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Marshall v. BNSF Railway Co.

United States District Court, D. Kansas

January 10, 2020

Ervin J. Marshall, Jr., Plaintiff,
BNSF Railway Co., Defendant.



         Plaintiff Ervin J. Marshall, Jr. filed this lawsuit against his former employer, BNSF Railway Company, alleging discrimination, retaliation, harassment and constructive discharge in violation of the Age Discrimination in Employment Act, 29 U.S.C. § 621 et seq. After resolving defendant's motion for summary judgment, three claims remain for trial-plaintiff's claim that his August 19, 2016 decision to retire constituted a constructive discharge based on his age; plaintiff's claim that he was subjected to age-based working conditions so intolerable that it resulted in plaintiff's constructive discharge; and plaintiff's claim that his August 19, 2016 decision to retire constituted a constructive discharge in retaliation for his reports of age discrimination and harassment. This matter is presently before the court on the parties' motions in limine (docs. 65, 66). As set forth in more detail below, those motions are granted in part, denied in part, and retained under advisement in part.

         As a threshold matter, several of the issues raised by both parties are unopposed by the other party and, accordingly, each of those issues may be granted as unopposed. Specifically, defendant's Motion in Limine A, F and G and plaintiff's Motion in Limine Nos. 1, 3, 4, 8, 9, 12, 13, 14 and 16. The court turns, then, to those issues that are disputed by the parties.

         Evidence of Lost Wages (Defendant's Motion in Limine B and C)

         Defendant seeks to exclude all evidence of lost wages based on plaintiff's admission that he has made no effort to secure alternative employment since leaving the railroad. It is defendant's burden to establish that plaintiff did not exercise reasonable efforts to mitigate damages. See McClure v. Independent Sch. Dist. No. 16, 228 F.3d 1205, 1214 (10th Cir. 2000). The court cannot conclude on this record, as a matter of law, that plaintiff's failure to seek alternative employment precludes an award of lost wages. Plaintiff indicates that the evidence will demonstrate that any mitigation efforts on his part would have been futile in light of his age, his unique position at the railroad and his seniority level at the railroad, coupled with the fact that he was precluded from seeking employment at any railroad employer by accepting retirement benefits. See Walsh v. Scarsdale Union Free Sch. Dist., 2019 WL 6789581, at *6 (S.D.N.Y. 2019) (collecting cases discussing that a plaintiff's age and seniority level are pertinent factors in whether efforts to find a substantially equivalent position would have been futile). This remains an issue of fact at this juncture.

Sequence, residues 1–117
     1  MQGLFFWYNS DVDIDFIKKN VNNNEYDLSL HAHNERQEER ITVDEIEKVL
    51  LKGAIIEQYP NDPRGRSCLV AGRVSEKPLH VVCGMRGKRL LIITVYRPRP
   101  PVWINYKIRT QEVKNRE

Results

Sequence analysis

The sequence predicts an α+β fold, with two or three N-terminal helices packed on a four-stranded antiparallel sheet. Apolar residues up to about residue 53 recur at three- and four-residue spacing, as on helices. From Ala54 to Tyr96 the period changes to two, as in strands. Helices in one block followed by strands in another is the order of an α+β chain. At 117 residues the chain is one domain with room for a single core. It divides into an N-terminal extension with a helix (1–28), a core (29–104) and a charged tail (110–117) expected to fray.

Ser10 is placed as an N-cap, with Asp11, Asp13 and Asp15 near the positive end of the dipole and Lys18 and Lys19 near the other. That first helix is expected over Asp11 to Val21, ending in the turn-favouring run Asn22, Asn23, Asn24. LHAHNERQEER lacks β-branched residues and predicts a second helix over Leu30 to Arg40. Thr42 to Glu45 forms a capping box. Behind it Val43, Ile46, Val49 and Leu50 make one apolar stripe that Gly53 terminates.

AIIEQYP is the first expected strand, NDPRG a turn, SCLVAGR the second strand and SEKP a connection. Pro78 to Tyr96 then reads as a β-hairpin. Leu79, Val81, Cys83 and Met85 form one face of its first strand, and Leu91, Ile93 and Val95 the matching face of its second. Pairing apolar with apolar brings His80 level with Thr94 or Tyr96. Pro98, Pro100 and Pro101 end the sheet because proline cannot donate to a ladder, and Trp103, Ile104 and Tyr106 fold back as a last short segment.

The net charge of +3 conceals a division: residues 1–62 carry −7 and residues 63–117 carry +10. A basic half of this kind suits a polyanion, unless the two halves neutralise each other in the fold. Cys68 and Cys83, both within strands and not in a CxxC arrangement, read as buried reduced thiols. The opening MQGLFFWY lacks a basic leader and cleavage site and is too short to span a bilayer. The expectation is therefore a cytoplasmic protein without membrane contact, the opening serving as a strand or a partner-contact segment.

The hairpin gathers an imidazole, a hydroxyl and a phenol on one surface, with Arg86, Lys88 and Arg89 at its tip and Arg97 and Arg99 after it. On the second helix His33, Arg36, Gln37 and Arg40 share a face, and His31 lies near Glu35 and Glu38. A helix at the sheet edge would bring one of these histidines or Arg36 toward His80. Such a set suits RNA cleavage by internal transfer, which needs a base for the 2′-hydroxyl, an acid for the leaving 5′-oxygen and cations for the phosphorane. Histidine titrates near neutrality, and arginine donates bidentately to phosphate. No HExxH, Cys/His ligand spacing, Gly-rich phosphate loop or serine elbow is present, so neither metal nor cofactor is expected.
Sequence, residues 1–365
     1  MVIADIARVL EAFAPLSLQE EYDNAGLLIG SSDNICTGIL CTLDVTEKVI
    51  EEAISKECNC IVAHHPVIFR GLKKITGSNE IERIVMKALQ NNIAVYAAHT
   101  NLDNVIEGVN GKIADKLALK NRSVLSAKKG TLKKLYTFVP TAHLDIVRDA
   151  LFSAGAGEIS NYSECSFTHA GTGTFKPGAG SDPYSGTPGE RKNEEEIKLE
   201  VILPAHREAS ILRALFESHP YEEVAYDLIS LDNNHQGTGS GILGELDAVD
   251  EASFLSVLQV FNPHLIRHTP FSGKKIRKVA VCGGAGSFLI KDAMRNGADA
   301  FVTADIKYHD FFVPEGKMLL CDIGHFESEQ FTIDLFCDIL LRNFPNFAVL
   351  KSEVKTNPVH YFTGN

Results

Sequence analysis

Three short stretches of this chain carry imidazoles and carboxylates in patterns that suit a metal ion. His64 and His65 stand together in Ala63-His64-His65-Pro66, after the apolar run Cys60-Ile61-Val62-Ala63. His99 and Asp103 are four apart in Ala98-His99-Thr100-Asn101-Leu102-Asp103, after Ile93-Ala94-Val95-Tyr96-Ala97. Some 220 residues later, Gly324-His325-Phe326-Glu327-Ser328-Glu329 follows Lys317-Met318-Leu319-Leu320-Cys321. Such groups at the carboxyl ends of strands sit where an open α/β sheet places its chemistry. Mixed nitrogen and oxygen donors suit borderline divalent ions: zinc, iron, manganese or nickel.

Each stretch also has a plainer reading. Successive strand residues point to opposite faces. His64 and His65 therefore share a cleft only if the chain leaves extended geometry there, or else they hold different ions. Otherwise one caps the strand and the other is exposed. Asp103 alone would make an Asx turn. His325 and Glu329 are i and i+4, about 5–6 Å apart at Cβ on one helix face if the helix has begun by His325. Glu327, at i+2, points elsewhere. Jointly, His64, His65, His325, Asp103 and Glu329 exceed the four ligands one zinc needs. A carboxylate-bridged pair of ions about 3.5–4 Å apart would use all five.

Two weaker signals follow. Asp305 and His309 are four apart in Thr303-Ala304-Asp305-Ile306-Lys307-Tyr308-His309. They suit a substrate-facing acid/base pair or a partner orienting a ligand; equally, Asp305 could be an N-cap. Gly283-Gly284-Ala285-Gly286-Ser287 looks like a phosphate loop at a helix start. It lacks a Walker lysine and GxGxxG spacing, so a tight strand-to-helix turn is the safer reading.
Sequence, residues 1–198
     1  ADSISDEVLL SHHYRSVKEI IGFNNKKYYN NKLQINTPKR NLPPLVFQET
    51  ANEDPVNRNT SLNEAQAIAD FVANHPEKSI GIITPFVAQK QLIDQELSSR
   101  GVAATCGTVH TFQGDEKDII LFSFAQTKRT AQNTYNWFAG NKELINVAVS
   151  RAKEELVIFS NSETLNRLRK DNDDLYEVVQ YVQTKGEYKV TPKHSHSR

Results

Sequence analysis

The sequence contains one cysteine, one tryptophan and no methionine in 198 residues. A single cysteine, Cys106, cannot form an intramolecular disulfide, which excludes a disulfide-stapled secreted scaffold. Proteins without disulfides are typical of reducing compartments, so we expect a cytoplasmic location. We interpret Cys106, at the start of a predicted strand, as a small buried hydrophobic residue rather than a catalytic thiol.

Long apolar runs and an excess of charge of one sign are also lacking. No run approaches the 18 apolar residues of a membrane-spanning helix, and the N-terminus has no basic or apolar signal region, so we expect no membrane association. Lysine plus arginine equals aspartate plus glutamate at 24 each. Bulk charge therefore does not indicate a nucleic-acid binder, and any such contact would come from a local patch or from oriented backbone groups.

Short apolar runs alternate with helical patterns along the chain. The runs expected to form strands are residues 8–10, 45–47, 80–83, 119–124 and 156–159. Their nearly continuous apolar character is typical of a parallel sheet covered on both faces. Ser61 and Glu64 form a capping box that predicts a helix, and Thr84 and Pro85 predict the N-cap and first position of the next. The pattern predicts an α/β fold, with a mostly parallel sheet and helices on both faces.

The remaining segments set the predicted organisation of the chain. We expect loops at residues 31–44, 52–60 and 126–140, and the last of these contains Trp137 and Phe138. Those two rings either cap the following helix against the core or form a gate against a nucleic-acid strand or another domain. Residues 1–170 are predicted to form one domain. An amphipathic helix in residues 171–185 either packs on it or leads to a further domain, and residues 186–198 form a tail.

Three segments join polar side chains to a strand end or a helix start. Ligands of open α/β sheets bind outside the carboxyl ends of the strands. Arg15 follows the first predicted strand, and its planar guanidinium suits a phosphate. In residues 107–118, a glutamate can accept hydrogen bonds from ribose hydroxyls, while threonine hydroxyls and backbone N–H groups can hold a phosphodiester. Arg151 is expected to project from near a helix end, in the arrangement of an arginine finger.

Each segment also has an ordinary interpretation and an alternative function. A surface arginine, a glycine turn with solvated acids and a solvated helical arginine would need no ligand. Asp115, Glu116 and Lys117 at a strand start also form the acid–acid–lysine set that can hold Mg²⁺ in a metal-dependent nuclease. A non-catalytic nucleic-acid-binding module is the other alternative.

Defendant next asserts that, to the extent evidence of lost wages is permitted, the court should offset those wages by the amount that plaintiff has received in retirement benefits.[1]